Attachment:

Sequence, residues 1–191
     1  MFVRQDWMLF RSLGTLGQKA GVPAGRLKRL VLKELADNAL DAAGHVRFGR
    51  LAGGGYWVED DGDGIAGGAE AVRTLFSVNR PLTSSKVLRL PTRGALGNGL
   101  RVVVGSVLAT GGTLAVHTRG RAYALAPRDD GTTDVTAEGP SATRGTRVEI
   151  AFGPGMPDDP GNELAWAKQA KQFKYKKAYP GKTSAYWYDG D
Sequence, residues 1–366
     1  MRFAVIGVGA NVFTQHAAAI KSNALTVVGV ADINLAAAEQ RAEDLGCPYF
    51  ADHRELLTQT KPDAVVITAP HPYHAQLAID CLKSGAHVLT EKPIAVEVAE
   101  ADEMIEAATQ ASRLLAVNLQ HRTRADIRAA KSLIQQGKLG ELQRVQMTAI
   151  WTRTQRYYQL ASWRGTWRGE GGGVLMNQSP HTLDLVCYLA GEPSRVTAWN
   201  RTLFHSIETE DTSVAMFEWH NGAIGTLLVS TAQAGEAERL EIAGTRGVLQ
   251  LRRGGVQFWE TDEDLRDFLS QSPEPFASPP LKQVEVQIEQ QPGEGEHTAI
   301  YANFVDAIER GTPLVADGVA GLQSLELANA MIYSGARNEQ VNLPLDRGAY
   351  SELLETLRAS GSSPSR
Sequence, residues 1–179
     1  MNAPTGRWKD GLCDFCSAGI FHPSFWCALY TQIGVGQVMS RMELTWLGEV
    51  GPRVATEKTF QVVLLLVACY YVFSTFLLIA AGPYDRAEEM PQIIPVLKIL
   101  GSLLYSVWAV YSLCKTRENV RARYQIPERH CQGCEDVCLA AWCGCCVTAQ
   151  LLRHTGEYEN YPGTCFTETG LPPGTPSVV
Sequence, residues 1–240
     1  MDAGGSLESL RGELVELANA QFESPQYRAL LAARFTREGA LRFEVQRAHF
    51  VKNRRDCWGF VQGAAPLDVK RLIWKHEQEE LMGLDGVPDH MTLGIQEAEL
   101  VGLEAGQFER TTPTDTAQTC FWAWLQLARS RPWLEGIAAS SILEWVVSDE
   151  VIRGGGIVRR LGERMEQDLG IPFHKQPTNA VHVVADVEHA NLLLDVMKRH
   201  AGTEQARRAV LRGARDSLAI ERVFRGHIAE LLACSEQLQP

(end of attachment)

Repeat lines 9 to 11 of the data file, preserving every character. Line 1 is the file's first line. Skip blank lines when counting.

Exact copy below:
   101  ADEMIEAATQ ASRLLAVNLQ HRTRADIRAA KSLIQQGKLG ELQRVQMTAI
   151  WTRTQRYYQL ASWRGTWRGE GGGVLMNQSP HTLDLVCYLA GEPSRVTAWN
   201  RTLFHSIETE DTSVAMFEWH NGAIGTLLVS TAQAGEAERL EIAGTRGVLQ